Magazine article Industrial Management

Going for the Green: ISO 14001 Delivers Profits

Magazine article Industrial Management

Going for the Green: ISO 14001 Delivers Profits

Article excerpt

Executive Summary

The myth that a green-friendly environmental policy doesn't translate into extra "green" at the bottom line is withering fast. A good environmental management system such as ISO 14001 can actually help pump up profits while controlling environmental hazards. By following the steps outlined here, most companies can achieve ISO 14001 registration within 12 to 18 months.

In the United States, environmental management is typically considered a hindrance to business rather than an asset. This is especially true in the electronics industry, in which the need to reduce costs has traditionally meant moving production to countries that have low labor costs and little or no environmental protection requirements. Thus electronics businesses have gotten the reputation of exporting environmental problems rather than developing solutions. Today, many companies are realizing that instituting a sound environmental management system (EMS) like ISO 14001 actually leads to higher profits, produces a positive public relations image, and results in a cleaner world. In fact, one company with an ISO 14001 EMS learned how to recycle 94 percent of its waste and created a profit center in the process.

Environmental awareness is important to success

Every electronics manufacturing facility, no matter the location, has environmental impacts on its neighbors. Companies must manage a variety of chemicals, energy use, air and water discharges, solid waste from scrap and packaging, and disposal of hazardous waste. Companies must have procedures to unload chemicals at the receiving dock, store them appropriately and in accordance with regulations, use them safely, and treat and dispose of them correctly

The electronics and computer industries use a wide variety of chemicals in their manufacturing processes. The processes within the electronics industry that use chemicals and generate the most waste are the manufacturing of semiconductors, printed circuit boards, and cathode ray tubes.

The most common chemicals used and released in semiconductor manufacturing are sulfuric and hydrochloric acids, which are used in etching and cleaning, and solvents such as acetone and glycols, which are used in photolithography and cleaning. Printed circuit board manufacturing uses and generates sulfuric, hydrochloric, and nitric acids for plating and etching, and metals such as lead and copper. Glycol ethers and solvents, such as acetone, are used in image application and cleaning. Ammonia solutions are used in electroplating, imaging, and etching. Production of cathode ray tubes involves a variety of metals, acids, and solvents.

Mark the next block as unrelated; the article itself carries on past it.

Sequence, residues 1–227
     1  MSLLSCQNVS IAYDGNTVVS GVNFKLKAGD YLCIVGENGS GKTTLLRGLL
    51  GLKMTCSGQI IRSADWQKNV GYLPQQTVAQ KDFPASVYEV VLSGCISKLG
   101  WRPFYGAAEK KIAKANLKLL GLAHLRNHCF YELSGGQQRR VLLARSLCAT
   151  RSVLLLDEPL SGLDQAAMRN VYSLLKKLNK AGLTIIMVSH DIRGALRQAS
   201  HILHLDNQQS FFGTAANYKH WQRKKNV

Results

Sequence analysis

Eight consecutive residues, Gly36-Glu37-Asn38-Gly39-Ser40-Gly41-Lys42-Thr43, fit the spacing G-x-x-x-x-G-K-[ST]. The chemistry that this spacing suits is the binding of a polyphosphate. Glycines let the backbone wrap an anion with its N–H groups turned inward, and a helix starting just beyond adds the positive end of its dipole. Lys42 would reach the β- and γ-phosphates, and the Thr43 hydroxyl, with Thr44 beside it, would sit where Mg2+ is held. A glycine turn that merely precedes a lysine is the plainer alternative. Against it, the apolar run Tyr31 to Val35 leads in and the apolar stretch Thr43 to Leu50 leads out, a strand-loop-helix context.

Management of these hazardous wastes is of particular concern to most companies, whether large or small. Hazardous waste includes concentrated acids and bases, organic solvents, metallic salts, epoxy resins and catalysts, and gases, some of which are highly toxic. In addition to following Resource Conservation and Recovery Act regulations, companies must track all materials in accordance with local fire regulations. Off-site recycling and disposal of hazardous wastes are expensive and have potential liabilities associated with them, especially if wastes are buried in a landfill. Recently, one small company was almost bankrupted by the amount of money it had to pay when records showed its waste had been disposed at a Superfund site.

An effective EMS considers all aspects of a facility's environmental impact. Consider the amount of energy it takes to make electronic components, operate lights and computers, and air-condition the building. Energy production uses natural resources and either emits greenhouse gases or has other serious environmental effects. Becoming more energy-efficient not only helps the environment, but it adds directly to a company's profits.

Management of solid waste from scrap and packaging can also have significant financial potential. …

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